German painter and printmaker. One of the main exponents of Expressionism, he was a founder of Die Brücke and one of its leading members. As a boy he got to know Erich Heckel at grammar school, following in his footsteps in 1905 when he enrolled as an architectural student at the Sächsische Technische Hochschule in Dresden; there Heckel introduced him to another student, Ernst Ludwig Kirchner, four years his senior, and to Kirchner’s friend, the painter Fritz Bleyl (1880–1966). They all felt close in their artistic aspirations, perceiving their architectural studies as a front behind which they could train, largely by teaching themselves, as painters. Later that year, by which time Schmidt-Rottluff had annexed the name of his native town to his surname, they formed Die Brücke with the aim of creating an uncompromisingly vital art that renounced all traditions; the group’s name, derived from a quotation in Friedrich Nietzsche’s Also sprach Zarathustra (1883) was suggested by Schmidt-Rottluff, although as something of a loner he was less active in the group than Heckel or Kirchner. It was, however, at his invitation that Emil Nolde briefly became an active member of the group in 1906. Schmidt-Rottluff also introduced the group to lithography.
From 1905 to 1911, when Die Brücke was based in Dresden, Schmidt-Rottluff’s sources and development were very similar to those of the group’s other members: their influences included Art Nouveau, Neo-Impressionism and the paintings of Vincent van Gogh and Henri Matisse. By 1908–9 their use of flat areas of pure brilliant colours rivalled that of the Fauves; although it is possible to speak of a group style at this time, Schmidt-Rottluff’s characteristic works, such as Midday on the Moor (1908; Oldenburg, Landesmus.), were already distinguished from those of his colleagues by their especially calm balance of composition and monumental simplification of form, which together served to exaggerate their flatness in a particularly extreme way. Some of Schmidt-Rottluff’s most powerful landscapes, such as Manor House in Dangast (Berlin, Neue N.G.), were painted in 1910; their style was described by Kirchner in 1913 as ‘monumental Impressionism’, alluding to their source in nature and to the strength and independence of form with which his observations were conveyed.
The gradual dissolution of Die Brücke as its members moved one by one to Berlin in 1911, exacerbated by the dissension created by Kirchner’s chronicle in 1913, led to the group’s demise in the latter year. Their estrangement from each other was marked in each case by a deliberate move away from the strict principles that had united their work stylistically. In works such as Two Women (1912; London, Tate) Schmidt-Rottluff adopted more subdued colouring and placed greater emphasis in his pictures on draughtsmanship, drawing in clear outlines between forms rather than simply juxtaposing coloured shapes, as had previously been the case. As early as 1909 he was instrumental in reviving the woodcut as a powerfully expressive medium. Of all the Brücke artists who made such prints, he was again perhaps the most extreme in simplifying form and stressing the independence of the medium, for example by using the grain of the wood as a graphic device for emphasizing the surface in prints such as House behind Trees (1911; Schapire, no. H54); Nolde and Schmidt-Rottluff influenced each other in this respect. From 1912 to 1920 he adopted a much harder and more angular style in his woodcuts, for example Girl at the Mirror (1914; rs H159); this was reflected in paintings such as Nudes in Landscape (Three Women Bathing) (1913; Schleswig, Schloss Gottorf). He also experimented during this time with sculpture carved in wood, as with the powerfully chiselled forms of Green Head (1916–17; Schleswig, Schloss Gottorf).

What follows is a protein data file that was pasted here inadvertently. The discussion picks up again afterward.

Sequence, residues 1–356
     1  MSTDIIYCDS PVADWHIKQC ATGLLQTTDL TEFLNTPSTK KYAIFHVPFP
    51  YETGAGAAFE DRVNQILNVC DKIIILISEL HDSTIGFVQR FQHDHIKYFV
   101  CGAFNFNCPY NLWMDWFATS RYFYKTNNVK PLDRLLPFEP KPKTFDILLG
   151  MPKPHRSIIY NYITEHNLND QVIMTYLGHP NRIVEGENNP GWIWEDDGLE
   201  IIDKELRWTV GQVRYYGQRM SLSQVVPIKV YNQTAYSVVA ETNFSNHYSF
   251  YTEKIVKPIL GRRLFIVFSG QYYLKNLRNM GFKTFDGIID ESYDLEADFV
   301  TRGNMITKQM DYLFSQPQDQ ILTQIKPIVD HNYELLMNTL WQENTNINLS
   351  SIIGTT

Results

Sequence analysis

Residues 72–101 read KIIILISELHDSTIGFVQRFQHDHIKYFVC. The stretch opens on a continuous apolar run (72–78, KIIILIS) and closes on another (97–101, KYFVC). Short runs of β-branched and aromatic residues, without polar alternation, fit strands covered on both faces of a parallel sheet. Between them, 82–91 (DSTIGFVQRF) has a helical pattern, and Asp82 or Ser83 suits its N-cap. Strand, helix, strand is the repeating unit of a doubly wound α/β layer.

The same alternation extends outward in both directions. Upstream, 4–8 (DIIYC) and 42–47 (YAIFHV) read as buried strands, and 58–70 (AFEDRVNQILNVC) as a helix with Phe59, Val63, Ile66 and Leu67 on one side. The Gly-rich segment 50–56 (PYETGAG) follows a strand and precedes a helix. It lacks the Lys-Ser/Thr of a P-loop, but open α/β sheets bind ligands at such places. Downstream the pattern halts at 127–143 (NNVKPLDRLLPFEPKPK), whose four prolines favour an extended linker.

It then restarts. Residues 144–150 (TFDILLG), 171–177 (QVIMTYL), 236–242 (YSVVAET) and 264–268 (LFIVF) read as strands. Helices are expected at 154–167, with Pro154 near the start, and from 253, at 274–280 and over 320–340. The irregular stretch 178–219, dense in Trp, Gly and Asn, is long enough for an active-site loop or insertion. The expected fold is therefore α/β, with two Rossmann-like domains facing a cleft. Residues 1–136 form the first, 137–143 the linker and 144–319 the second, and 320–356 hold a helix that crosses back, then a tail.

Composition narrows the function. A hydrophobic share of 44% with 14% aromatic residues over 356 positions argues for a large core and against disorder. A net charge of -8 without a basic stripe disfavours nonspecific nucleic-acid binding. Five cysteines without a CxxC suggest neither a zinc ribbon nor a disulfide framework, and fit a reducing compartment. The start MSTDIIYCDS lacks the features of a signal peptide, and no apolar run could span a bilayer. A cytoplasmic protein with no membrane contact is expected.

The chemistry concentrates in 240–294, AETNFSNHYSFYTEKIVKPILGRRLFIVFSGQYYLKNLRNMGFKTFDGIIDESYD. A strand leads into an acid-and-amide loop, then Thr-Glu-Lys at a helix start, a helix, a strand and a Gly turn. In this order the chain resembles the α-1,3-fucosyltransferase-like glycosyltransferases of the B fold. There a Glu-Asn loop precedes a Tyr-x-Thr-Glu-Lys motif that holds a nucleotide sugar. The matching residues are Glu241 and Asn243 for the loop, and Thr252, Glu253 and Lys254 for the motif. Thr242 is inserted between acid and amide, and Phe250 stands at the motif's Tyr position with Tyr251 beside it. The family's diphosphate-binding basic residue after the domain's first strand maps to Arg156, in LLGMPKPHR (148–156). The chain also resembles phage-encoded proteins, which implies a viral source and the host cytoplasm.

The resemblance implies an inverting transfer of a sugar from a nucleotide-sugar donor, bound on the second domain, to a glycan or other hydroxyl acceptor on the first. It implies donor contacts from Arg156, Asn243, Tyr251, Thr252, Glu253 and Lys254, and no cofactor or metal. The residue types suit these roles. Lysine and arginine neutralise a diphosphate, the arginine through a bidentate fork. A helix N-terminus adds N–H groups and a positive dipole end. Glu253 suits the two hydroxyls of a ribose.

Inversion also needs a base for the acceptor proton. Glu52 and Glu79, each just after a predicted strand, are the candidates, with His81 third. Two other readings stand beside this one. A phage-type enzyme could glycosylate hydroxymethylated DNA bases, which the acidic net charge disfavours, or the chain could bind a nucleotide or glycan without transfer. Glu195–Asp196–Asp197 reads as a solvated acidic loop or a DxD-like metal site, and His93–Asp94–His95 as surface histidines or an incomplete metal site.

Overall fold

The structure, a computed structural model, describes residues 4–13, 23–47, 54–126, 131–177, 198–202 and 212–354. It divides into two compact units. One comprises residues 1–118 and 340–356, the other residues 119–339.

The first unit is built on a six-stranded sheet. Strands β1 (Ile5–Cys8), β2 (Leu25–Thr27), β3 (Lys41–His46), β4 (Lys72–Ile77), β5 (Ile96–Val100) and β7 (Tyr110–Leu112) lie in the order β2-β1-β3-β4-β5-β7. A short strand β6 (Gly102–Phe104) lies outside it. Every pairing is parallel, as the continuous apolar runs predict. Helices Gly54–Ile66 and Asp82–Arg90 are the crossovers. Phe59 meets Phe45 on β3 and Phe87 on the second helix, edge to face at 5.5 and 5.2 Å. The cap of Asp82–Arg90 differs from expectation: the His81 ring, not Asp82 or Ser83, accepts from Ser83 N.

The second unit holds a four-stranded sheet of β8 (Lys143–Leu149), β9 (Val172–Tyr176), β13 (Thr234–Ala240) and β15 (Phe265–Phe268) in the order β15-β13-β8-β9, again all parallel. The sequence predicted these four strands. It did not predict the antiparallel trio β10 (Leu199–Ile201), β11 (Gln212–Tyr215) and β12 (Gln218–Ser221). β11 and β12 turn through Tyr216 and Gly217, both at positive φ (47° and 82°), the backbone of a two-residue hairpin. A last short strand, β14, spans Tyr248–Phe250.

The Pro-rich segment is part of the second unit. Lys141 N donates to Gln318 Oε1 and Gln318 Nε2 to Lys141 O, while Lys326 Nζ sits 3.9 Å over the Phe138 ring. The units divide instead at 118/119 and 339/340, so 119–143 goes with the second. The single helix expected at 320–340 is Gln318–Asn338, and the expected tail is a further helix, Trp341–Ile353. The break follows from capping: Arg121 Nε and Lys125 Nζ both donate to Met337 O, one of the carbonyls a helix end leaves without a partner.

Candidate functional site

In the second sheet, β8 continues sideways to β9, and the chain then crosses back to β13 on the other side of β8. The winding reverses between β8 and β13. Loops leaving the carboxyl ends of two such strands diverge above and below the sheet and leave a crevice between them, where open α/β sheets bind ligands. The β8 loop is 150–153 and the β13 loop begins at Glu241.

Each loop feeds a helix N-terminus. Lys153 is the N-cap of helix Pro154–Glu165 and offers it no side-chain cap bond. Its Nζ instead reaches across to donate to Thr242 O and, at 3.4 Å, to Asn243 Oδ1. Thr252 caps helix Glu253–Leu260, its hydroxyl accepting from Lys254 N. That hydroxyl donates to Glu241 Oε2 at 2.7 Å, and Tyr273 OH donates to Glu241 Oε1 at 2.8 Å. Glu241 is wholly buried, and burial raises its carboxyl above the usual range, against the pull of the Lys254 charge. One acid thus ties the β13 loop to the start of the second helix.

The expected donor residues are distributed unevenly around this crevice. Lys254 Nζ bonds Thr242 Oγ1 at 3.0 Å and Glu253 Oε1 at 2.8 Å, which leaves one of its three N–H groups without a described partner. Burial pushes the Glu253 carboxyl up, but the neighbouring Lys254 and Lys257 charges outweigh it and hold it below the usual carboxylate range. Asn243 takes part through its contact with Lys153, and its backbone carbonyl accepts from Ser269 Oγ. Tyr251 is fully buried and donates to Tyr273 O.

From 1915 to the end of World War I Schmidt-Rottluff served as a soldier on the eastern front, but these experiences were reflected only indirectly in his art. He increasingly turned to introspective themes, as in 9 Holzschnitte (1918), a series of woodcuts based on the life of Christ published by Kurt Wolff Verlag in Munich (rs H206, 208, 211–16, 218). At the end of the war he became a member of the Arbeitsrat für kunst in Berlin, which saw itself as an anti-academic movement of German artists at a time of revolution. Schmidt-Rottluff’s angular graphic style became freer and more colourful in the early 1920s in paintings such as the Tower of Patroclus in Soest (1922; Münster, Westfäl. Landesmus.). In the mid-1920s, in works such as Still-life with Fruit (1928; Dresden, Gemäldegal. Neue Meister), he began to evolve his calmer late style using flat shapes with gentle outlines. He remained especially committed to landscape in a style that showed little development, in works such as Landscape with Dunes (1948) and Berth on the River (Maasholm an der Schlei) (1956; Schleswig, Schloss Gottorf).
The honours bestowed on Schmidt-Rottluff after World War I, as Expressionism officially recognized in Germany, were taken away from him after the rise to power of the Nazis. He was expelled from the Preussische Akademie der Künste in 1933, two years after his admission, and in 1937 his pictures were seized from German museums and art galleries on the grounds that they were ‘degenerate’ (see Entartete Kunst). In 1941 he was banned from painting. Much of his work was lost in the destruction of his Berlin studio in World War II. His reputation, however, was gradually rehabilitated after the war. In 1947 he was appointed professor at the Hochschule der Bildenden Künste in West Berlin, through which he again exercised an important influence on a new generation of artists. An endowment made by him in 1964 provided the basis for the Brücke-Museum in West Berlin, which opened in 1967 as a repository of works by members of the group.
From Grove Art Online
© 2009 Oxford University Press